Power management is part of the daily activities for the rover's engineering team.

Sleep:

The solar powered rovers require a “sleep mode” to recharge the batteries each sol. Sleep mode includes powering off the rover avionics, including the Central Processing Unit (CPU), so the hardware must maintain the safe thermal and power states. Communication requires flight software, so the rover must reliably wake from sleep mode and initiate communication, without intervention from the operations team.

Deep sleep:

a flight software modification that would purposefully remove the batteries from the power bus at night and power off all of the devices, including the BCB and survival heaters. ... autonomously boots up the vehicle at 18:30 LST each night to pull the batteries offline. The reason the algorithm does not remove the batteries from the power bus whenever any shutdown occurs, is that the BCB hardware fault protection will put the batteries back online when it detects the bus voltage dropping as the sun sets. So the deep sleep algorithm has to wait for the sun to set low enough that no current is available from the solar arrays. The operations team can temporarily disable deep sleep mode if an early morning UHF communication window is scheduled.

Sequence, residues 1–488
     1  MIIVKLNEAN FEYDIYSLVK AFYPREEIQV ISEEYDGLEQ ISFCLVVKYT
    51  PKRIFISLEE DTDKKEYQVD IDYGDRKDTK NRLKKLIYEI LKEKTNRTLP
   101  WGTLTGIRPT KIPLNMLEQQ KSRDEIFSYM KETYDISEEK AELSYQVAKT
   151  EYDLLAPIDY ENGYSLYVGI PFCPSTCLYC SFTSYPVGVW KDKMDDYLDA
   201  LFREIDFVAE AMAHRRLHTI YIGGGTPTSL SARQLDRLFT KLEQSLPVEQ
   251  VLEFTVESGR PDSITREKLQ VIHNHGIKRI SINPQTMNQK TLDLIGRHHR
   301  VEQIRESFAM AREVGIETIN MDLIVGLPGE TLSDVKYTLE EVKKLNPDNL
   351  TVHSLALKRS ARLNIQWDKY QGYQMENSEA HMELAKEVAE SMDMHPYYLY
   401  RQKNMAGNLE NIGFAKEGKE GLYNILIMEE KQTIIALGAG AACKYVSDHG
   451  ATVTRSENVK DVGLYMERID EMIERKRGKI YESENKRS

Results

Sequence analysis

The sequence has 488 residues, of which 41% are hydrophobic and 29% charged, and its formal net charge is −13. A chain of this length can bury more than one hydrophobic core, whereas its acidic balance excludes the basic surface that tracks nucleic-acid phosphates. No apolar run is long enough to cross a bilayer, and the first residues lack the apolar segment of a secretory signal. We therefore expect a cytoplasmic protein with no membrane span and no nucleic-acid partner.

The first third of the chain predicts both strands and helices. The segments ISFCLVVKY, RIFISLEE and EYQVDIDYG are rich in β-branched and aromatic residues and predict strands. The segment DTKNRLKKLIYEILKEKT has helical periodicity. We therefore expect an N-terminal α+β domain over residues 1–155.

BCB = Battery Control Board.

Entering and exiting sleep mode:

Shutdown refers to shutting down the CPU and the avionics. The BCB stays powered, as well as the mission clock and alarm clock. Warm-up heaters and two of the science instruments may also stay on while the rest of the rover sleeps.

During nominal operations, the operations team designs sequences that command shutdowns and include wakeup times to resume the sequence. Upon each commanded shutdown, flight software examines the desired time to resume the sequence and the time of the next communication window, and then sets the alarm clock to the earlier time.

Two triggers may wake up the rovers: Solar wakeup or the alarm clock. The BCB declares the solar wakeup after the solar array current has been greater than 2.0 amps for over 10 minutes (and at least 16 hours have passed since the last solar wakeup). The BCB responds to either wakeup signal by turning on the CPU.

  1. Precautions: the rover is parked to maximize the amount of power the solar array can provide. In the winter, this means parking on an incline.

  2. Not really. A dust storm maybe, but that will just trigger a move to deep sleep at some point.

Curiosity is a bit different, because its power supply is more constant. It still requires sleep modes because the RTG cannot supply as much power as the rover requires during driving, so it needs to charge its batteries regularly.

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  • $\begingroup$ I've been waiting for an amazing answer like this! Thanks for everything :D $\endgroup$ – Boosted Nub Dec 22 '18 at 10:24